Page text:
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Mongolia for the weekend? Try a yurt in Norfolk

Mongolia for the weekend? Try a yurt in Norfolk

It was a Friday night, we’d just left McDonalds off the A17, and were continuing our 3.5 hour drive through the grey and drizzle. This was wasn’t exactly putting me in the mood for camping. But thank goodness we didn’t need to pitch a tent on arrival. Instead we were going to stay in a Mongolian yurt… in Norfolk.

TraveLynn Family were offered a complimentary two night stay at Swallowtails in return for coverage on the blog and social media. As always, there are all my own words and opinions. 

Ducking through the small wooden door of Periwinkle (our yurt for the weekend), it felt like we had stepped into the set of The Borrowers. The warm colours of the mismatched fabrics complimented the antique furniture, and the toasty glow from the log burner made us all feel cosy and at home. My mood had miraculously lightened.

I lined up our wellies by the front door and put the kettle over the fire whilst the kids got dressed into their PJs. This was a much easier style of camping! Plus, with actual beds already made up and all light blocked out by shutters and insulated fabric, we were guaranteed a good night’s sleep.

Swallowtails is just a short walk from the old market town of Holt. So even though you’re tucked away amongst the woodland, it’s not too far to go for a pint and a wander around its charming alleyways. Pluse there are so many things to do in Norfolk if you want to explore further afield.

But stepping outside of the yurt that Saturday morning with the skies cleared, I felt hidden away in nature and we were happy to spend much of the day on site. Our boys loved the freedom of the central open meadow, and us parents were happy to let them explore whilst we sat back with a cup of tea.

Inside the yurts at Swallowtails

There are six yurts in total;  four luxury 18 ft yurts (sleeps 4), a 22 ft yurt (sleeps 6), and a Lotus Belle tent (sleeps 4). Each yurt is fully insulated, meaning they’re cosy warm on cooler nights, although on a hot summer’s day you can create a nice through draft by opening the door and roof.

Plus, the yurts nicely block out the light with shutters and thick fabric, so your little ones aren’t woken early by the morning sun. Our boys slept in until 8:30 am on the Sunday morning after going to bed at 7:30 pm the previous night. That says a lot for a day playing in the fresh air and the comfort of the yurts!

We slept in Periwinkle, which sleeps four. There’s a double bed and and a trundle day bed for the kids, and electricity provided by solar panels. The furniture is in keeping with the yurt and you’ll find everything you need, including a pull out dining table, a wash basin with jug, cooking utensils, pots and pans, and even a toy box. Many of these items are packed away in little boxes and cupboards to keep things neat and tidy. Although it would have been handy to have had some shelves to store our clothes, and hooks for our jackets.

To keep food items cool, a cold box is provided and you can get ice packs from the main shop (FOC), which also stocks wood, non-perishable food items, and all important marshmallows to toast over the camp fire.

Outside the yurts

The yurts are evenly spaced around the edge of a meadow. You’re not too close to your neighbour, although the layout promotes a sense of community.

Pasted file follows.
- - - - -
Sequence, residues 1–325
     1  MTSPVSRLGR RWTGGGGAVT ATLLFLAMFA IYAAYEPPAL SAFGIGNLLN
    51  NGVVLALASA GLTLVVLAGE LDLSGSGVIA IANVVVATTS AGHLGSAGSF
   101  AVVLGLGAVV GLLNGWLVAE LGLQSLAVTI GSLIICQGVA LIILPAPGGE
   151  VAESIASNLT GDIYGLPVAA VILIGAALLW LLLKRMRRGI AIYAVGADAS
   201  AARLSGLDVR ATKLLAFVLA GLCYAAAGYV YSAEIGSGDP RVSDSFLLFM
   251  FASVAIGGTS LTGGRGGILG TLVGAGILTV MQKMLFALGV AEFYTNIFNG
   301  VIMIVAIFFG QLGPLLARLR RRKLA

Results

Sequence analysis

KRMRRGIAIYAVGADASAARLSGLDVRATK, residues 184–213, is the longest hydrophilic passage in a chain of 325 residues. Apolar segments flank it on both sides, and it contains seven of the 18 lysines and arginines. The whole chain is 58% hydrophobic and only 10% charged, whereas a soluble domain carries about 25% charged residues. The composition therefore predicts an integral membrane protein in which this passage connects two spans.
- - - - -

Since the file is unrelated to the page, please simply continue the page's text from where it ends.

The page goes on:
woodn door of yurt and bbq in background

Adjacent to each yurt is a wooden gazebo which creates a little cooking area, including a gas BBQ. There’s also an outdoor dining table and chairs, two sun loungers, and a fire pit.

Bathroom facilities

Behind the yurts, you’ll find a long drop toilet, with instructions for where to wee and poo to maximise composting! There seemed to be only one toilet for the six yurts to share, although there may have been another one hidden away somewhere.

You can use the bowl and jug in the yurt for washing. But if you need a shower or there’s a queue for the long drop, you can walk the 100 metres to the main toilet/shower facilities in basic portable cabins. It’s a shame these aren’t aesthetically in keeping with the main glamping site, but they are more to serve the general camping site.

Things to do onsite

Bring the kids bikes. Our boys spent hours cycling around the big grassy area, and if they weren’t on their bikes, you’d find them in the playground. You can also hire bikes on site through Huff and Puff Cycles.

In the holidays there are activities laid on for kids aged 6 and over (nature walks, art and crafts), or perhaps try your hand at pond dipping (grab some nets from the shop). There is also Friday pizza nights during busier periods.

Things to bring

Most of what you need for a weekend away camping is provided for you, and really you just need your clothing, wash bag, and food (tea, coffee and olive oil is provided). However, I would suggest packing wellies (the grass around the site is long in places and can be wet in the morning, even if it hasn’t been raining), a torch (for walking around outside at night), and slippers to wear inside the yurt.

How to book Swallowtails

If you’re looking for a glamping holiday or a yurt in Norfolk, Swallowtails is a fantastic choice to get away from it all. We love camping with the kids, but for a easy weekend away, the glamping option makes life much simpler. The yurts absolutely ooze charm and quirk, and the open space allows the kids so much freedom. Head to their website and book online at

Things to do in the area

If you’re looking for things to do in Norfolk with kids, these posts are a good start:

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